Farmington organizing to support veterans, military families
Annette Kuyper exudes energy and, dressed in jeans and a hoodie when I first met her, I assumed she was in her mid-30s. She probably isn't much older than that, actually, but she's already been through the deployment of her son to Iraq.
With her son safely back home, Annette is eager to make sure other families have the support they need before, during and after a military deployment. In addition to speaking to groups as a volunteer with the Minnesota National Guard, she is organizing others to work together to address needs and take advantage of opportunities in her hometown of Farmington, where there is a strong tradition of military service.
After a reintegration awareness session organized by the National Guard last June, a National Guard sergeant who lives in Farmington, the city administrator, and Annette formed a small group to plan and take action. They knew others would want to be involved - and that they needed others involved if they were going to have an impact.
Annette made a list of key people to invite to a planning meeting: military families, and people from churches, schools, and local VFW and American Legion posts. She used her own network and did some cold calling, sending letters to 18 local churches and following up with phone calls and emails.
On a Tuesday evening earlier this month, more than 20 residents met at the brand new city hall as the Farmington Warrior to Citizen group. Annette led the discussion, making sure that everyone had an opportunity to talk while sticking closely to the agenda she'd set. When the meeting concluded - right on time - several people had made commitments to take action.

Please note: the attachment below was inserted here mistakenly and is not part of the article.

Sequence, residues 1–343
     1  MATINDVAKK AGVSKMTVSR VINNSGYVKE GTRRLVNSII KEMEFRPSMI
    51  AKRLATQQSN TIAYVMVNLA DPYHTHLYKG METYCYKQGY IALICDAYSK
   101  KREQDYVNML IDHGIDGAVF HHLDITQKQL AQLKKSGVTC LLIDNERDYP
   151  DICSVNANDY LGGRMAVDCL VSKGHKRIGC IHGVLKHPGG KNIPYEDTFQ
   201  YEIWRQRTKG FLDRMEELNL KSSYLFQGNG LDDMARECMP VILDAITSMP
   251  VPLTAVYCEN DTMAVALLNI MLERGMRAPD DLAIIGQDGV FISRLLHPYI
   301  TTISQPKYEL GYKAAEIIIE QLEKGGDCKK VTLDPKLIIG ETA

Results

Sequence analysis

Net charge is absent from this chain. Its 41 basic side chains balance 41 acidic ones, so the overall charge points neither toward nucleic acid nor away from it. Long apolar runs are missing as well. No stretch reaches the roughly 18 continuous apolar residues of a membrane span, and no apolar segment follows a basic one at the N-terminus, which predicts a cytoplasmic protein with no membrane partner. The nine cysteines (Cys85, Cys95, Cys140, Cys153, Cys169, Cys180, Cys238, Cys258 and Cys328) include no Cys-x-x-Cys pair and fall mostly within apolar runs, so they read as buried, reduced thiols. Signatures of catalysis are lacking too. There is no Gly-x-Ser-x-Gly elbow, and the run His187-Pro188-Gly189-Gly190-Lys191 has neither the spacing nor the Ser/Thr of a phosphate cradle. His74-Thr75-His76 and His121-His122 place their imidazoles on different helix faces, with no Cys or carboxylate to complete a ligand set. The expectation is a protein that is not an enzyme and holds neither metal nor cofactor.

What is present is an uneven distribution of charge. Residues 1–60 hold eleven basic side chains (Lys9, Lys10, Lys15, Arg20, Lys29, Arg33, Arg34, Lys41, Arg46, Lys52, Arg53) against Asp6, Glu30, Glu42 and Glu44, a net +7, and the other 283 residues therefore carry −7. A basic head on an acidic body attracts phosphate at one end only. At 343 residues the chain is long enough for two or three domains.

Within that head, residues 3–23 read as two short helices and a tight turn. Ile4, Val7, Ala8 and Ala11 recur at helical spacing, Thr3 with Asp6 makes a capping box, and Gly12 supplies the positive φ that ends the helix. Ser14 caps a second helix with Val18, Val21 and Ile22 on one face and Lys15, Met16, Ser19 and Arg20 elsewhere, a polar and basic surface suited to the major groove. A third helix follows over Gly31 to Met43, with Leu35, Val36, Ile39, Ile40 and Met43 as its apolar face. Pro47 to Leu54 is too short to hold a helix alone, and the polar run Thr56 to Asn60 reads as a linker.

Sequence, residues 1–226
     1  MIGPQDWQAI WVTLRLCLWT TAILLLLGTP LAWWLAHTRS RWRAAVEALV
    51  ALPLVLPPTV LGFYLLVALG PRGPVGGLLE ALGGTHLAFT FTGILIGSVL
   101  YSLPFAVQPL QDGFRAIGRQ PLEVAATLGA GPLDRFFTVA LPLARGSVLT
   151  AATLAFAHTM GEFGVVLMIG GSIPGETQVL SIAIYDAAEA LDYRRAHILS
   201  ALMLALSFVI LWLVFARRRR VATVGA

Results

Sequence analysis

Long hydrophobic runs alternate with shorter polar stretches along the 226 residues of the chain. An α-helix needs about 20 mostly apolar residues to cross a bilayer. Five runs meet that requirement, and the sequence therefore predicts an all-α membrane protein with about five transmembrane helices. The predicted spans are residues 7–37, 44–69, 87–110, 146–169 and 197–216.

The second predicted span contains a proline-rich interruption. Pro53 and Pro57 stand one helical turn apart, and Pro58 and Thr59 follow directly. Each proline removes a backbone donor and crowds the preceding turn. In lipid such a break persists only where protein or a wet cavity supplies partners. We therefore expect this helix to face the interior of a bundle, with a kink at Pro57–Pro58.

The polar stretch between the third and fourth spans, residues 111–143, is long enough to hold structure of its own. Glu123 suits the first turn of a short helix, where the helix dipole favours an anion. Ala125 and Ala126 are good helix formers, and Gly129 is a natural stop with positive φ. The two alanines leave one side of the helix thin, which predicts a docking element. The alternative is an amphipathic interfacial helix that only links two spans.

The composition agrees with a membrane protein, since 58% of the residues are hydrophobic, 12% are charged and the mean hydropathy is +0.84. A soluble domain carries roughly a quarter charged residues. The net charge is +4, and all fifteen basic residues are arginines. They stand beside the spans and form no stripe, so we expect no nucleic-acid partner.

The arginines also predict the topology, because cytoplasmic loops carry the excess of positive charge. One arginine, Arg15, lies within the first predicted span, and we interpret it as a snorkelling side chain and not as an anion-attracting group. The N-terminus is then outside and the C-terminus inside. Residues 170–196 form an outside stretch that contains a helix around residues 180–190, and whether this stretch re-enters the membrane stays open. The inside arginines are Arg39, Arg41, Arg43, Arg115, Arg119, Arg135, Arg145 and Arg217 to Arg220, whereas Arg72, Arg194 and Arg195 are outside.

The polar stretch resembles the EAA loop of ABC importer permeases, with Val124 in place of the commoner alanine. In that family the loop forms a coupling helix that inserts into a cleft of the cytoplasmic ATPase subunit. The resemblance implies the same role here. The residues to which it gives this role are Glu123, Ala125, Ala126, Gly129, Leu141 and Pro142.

Three student advocates (aka school counselors) had made a commitment to explore training for teachers on how children are impacted by military deployments. Others, including Annette, had committed to work with Germaine and Grant Beyl, whose two sons have done multiple tours to Iraq and Afghanistan. The Beyls' annual haunted house fundraiser has gotten too big for them to host on their farm, so they're expanding to the Dakota County Fairgrounds; this year, in addition to raising funds to send care packages to combat soldiers overseas, the event will feature a "wall of honor" - created by community members - with photos and dates of service of veterans and active military personnel. The Farmington group hopes that putting together the wall will help them identify local military families, a first step in making sure there's an adequate support network. (The haunted house will take place Oct. 10 and 11 from 7 - 11 p.m.)
I don't know about you, but I've been at community meetings that seem to go on and on before people leave - tired - with some fuzzy ideas about who's supposed to do what. This meeting was energizing (did I mention that there were door prizes?), and several people left with a public commitment to do some achievable piece of work that is in their self-interest. With success from those early actions, and leadership from Annette, the Farmington Warrior to Citizen group will be able to organize more people and take on longer-term work. They've already set their next meeting for an evening in November.